Oscars Countdown: Key Factors and Influences for the Major Categories and Contenders

11:25 AM 1/6/2017

by THR Staff

With the Academy Awards now less than 60 days away, go inside the major categories to find out what went into creating some of this year’s top Oscar hopefuls and why some contenders may, or may not, win.

Courtesy of A24
  • Acting

    Why Actors Score Big by Keeping It "Real"

    Illustration by: Matt Collins

    Channeling Jackie Kennedy's breathy voice and aristocratic accent (straight from Miss Porter's school for well-bred girls), Natalie Portman in Fox Searchlight's Jackie is the clear frontrunner for the best actress Oscar. Tom Hanks, in an awards-ready performance, is as heroic a figure as ever but with transforming white hair and mustache in Warner Bros.' Clint Eastwood-helmed Sully. The real-life Chesley "Sully" Sullenberger, who saved 155 lives by landing a plane on the Hudson River, by now is a familiar on-camera interview subject, so it's easy to see the physical similarities between him and Hanks — and why they matter. Playing a real person is irresistible awards bait, as if actors get points for coloring inside the lines of an actual man or woman.

    The acting competition this season includes a raft of other performances based on real people, even if their faces don't come to mind so quickly. Taraji P. Henson, Octavia Spencer and Janelle Monae are brilliant mathematicians who worked for NASA during the 1960s in 20th Century Fox's Hidden Figures. Michael Keaton is McDonald's mastermind Ray Kroc in The Weinstein Co.'s The Founder. Ruth Negga and Joel Edgerton are an interracial couple in Focus Features' Loving. Dev Patel plays a long-lost Indian boy who finds his way home in TWC's Lion, and Andrew Garfield is a pacifist who enlists in the army during World War II in Mel Gibson's return from directors jail, Lionsgate's Hacksaw Ridge. And those are only the actors with a realistic shot at awards attention.

    Read the full story here.

  • Best Picture

    Does Oscar Favor L.A.-Based Films for Best Picture?

    Illustration by: Katie Carey

    Many of 2016's highest-profile Oscar hopefuls are closely associated with a particular place. Moonlight = Miami. Patriots Day = Boston. Fences = Pittsburgh. Manchester by the Sea = New England. Loving = Virginia. Hell or High Water = Texas. Lion = India. Silence = Japan. And the list goes on. But does La La Land, Damien Chazelle's Los Angeles-set original musical, have a built-in home-field advantage, specifically because it is so closely associated with, well, La La Land?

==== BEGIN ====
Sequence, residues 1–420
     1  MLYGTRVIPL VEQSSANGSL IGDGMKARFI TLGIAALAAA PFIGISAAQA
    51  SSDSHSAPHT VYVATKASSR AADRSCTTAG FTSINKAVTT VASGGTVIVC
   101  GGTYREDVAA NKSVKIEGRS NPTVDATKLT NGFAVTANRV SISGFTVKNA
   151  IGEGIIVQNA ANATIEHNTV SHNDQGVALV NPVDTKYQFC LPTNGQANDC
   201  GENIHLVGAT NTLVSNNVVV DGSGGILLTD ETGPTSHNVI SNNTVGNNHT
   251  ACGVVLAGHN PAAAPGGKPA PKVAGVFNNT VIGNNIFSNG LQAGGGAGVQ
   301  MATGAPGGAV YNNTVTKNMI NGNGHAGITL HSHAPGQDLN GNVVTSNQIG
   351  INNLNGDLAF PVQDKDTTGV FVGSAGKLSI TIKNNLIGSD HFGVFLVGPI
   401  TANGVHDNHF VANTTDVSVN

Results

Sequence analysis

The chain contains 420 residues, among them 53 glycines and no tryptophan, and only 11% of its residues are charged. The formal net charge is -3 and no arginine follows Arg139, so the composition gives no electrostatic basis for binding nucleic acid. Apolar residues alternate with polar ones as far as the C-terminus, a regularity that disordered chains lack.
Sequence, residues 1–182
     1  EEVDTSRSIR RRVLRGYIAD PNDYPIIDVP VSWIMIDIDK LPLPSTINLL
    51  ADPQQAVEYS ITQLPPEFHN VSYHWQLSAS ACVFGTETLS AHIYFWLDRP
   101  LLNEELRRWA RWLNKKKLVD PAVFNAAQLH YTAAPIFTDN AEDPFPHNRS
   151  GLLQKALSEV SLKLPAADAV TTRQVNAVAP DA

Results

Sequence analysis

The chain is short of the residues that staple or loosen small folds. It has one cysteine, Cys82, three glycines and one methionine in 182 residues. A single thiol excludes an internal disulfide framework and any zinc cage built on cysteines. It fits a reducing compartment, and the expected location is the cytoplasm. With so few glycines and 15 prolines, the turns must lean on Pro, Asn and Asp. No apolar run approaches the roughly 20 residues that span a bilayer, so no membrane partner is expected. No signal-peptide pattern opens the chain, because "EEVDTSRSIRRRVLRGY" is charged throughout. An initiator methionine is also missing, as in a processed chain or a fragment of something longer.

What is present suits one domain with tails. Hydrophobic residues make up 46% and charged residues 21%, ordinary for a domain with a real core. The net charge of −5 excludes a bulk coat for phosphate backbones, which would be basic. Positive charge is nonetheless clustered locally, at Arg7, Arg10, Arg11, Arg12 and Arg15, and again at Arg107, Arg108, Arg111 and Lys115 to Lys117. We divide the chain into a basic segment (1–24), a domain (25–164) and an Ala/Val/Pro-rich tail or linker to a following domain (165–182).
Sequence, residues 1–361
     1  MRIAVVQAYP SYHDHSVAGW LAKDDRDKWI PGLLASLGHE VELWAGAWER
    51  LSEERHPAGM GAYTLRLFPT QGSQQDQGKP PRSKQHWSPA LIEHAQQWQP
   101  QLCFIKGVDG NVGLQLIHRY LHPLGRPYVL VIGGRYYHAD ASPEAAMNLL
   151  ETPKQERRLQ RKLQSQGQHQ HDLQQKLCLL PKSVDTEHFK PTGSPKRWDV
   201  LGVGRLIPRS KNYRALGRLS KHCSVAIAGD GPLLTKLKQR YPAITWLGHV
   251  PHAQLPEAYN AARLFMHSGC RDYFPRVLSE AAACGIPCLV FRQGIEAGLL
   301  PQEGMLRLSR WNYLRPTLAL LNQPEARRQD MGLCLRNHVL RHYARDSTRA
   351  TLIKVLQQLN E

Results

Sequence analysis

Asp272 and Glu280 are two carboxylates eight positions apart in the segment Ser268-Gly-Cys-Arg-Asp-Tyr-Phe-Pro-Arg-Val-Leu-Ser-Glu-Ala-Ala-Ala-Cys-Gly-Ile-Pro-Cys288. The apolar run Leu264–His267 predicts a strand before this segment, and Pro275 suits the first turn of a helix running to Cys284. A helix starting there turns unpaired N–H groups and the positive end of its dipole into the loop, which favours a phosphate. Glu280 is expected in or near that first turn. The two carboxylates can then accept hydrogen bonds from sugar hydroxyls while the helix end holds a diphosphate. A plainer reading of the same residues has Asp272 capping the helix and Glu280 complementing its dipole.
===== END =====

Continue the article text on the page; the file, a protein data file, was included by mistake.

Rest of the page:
During the halcyon days of Hollywood's Golden Age, spanning the '20s through the '50s, most American movies were made in and around that particular L.A. enclave. Ever since the studio system's fall in the late '60s, though, production has expanded far beyond Hollywood. But people tend to forget the rest of the story: While production now tends to happen elsewhere, the people who made and/or make films still live, by and large, in and around L.A. — as do a majority of Academy members.

    Read the full story here.

  • Screenplay

    Why the Academy Decided 'Loving' and 'Moonlight' Are Adapted Screenplays — And How That Affects Their Prospects

    'Moonlight' and 'Loving'
    'Moonlight' and 'Loving'

    Loving and Moonlight have been classified as original screenplays by the Writers Guild of America, but the Academy of Motion Arts and Sciences has concluded that they should compete for the adapted screenplay Oscar. What, you might ask, gives?

    Moonlight, which would be regarded as the Oscar frontrunner in either category, was written by Barry Jenkins after Jenkins, in 2010, read In Moonlight Black Boys Look Blue, a play written in 2003 by Tarell Alvin McCraney that was never produced. The two projects share the same core story, which is deeply personal for their writers, who both grew up in the Liberty City neighborhood of Miami in the 1980s with a crack-addicted mother; however, McCraney, like their protagonist, is gay, whereas Jenkins is not.